Transporter Sync

This is the Transporter Sync from Connected Data. The easiest way to think of the Transporter is essentially like Dropbox, but rather than the hardware and service being owned by Dropbox, you own the hardware and operate your own private cloud storage from your own home network.

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The box is pretty simple, and a little Apple-like in it's presentation.

The box contains the Transporter unit, a power cable (with British and European plugs), a short ethernet cable and a card that explains the meaning of the unit's LED indicators. The setup instructions are printed on the underside of the lid.

The unit itself is small and lighter than I expected but it is still somewhat larger than an Apple TV or an Airport Express. The design is minimalistic and the glowing indicator band is a cool touch, particularly in low or no light. It's also clearly visible at a distance if you need to keep an eye on it's status. The Sync model connects to any external USB hard drive and makes that storage available on your local network and externally via data connection.

Once connected the Transporter reformats the connected drive with its own file format. You'll lose any data on this drive that you don't have another copy of somewhere else so you might need to copy files to another location temporarily.

The majority of setup then happens via the Transporter website. You create an account and 'claim' any transporters connected to your home network, which links them securely to your login details. You're guided through a simple install process on your computer for the software required to access and sync your data. It was easy enough, and required the login details I had just created and for my Mac account password to install some software components. Your less-computer-savvy family members will be able to do this with minimal guidance. There are also mobile apps for your phone and tablet.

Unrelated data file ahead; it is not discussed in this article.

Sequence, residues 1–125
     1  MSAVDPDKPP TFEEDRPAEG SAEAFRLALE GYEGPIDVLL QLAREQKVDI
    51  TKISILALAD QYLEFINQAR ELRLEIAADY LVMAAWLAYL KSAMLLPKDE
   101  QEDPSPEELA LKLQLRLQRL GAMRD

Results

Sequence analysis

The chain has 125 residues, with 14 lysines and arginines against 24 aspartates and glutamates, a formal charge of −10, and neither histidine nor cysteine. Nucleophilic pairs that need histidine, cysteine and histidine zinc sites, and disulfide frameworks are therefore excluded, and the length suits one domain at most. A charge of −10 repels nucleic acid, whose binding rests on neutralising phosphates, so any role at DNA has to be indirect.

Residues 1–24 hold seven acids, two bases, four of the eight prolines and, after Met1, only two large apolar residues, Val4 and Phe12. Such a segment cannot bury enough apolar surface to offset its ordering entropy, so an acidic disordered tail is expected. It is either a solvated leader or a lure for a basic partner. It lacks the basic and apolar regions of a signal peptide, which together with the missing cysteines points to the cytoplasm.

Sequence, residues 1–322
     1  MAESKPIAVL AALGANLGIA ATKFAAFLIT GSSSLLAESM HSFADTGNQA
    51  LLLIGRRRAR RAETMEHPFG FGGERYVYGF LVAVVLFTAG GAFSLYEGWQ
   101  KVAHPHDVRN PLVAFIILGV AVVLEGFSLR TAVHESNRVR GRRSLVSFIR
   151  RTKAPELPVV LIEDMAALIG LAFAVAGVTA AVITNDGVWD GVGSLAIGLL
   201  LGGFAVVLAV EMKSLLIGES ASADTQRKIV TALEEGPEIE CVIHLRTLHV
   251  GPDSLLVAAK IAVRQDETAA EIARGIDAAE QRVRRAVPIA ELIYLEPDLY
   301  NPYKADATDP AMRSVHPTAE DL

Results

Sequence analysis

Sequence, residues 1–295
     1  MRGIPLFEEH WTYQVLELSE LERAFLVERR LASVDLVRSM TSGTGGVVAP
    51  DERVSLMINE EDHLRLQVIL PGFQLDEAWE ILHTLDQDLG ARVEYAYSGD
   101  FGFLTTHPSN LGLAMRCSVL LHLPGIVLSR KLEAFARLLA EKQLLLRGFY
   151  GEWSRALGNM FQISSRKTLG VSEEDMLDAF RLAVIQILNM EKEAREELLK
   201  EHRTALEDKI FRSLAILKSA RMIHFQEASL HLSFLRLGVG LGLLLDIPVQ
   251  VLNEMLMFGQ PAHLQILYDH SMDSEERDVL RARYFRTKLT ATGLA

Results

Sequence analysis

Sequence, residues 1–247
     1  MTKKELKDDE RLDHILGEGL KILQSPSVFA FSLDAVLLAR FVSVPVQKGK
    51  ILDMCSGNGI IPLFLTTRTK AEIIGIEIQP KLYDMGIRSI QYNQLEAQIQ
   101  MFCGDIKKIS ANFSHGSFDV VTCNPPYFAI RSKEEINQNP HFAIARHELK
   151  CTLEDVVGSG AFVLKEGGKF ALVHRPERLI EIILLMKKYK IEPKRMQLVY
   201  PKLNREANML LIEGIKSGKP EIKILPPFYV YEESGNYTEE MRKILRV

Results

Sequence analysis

At this point, any users of services such as Box or Dropbox should feel right at home. Storing and syncing files is as simple as copying them into the Transporter folder on your computer; much the same as with Dropbox. They can be shared via e-mail in a similar fashion. The mobile apps aren't quite as polished as I would like, and I have occasionally had to restart the iPhone app when switching between mobile data and my wi-fi to reestablish a connection.

So far I'm really impressed.

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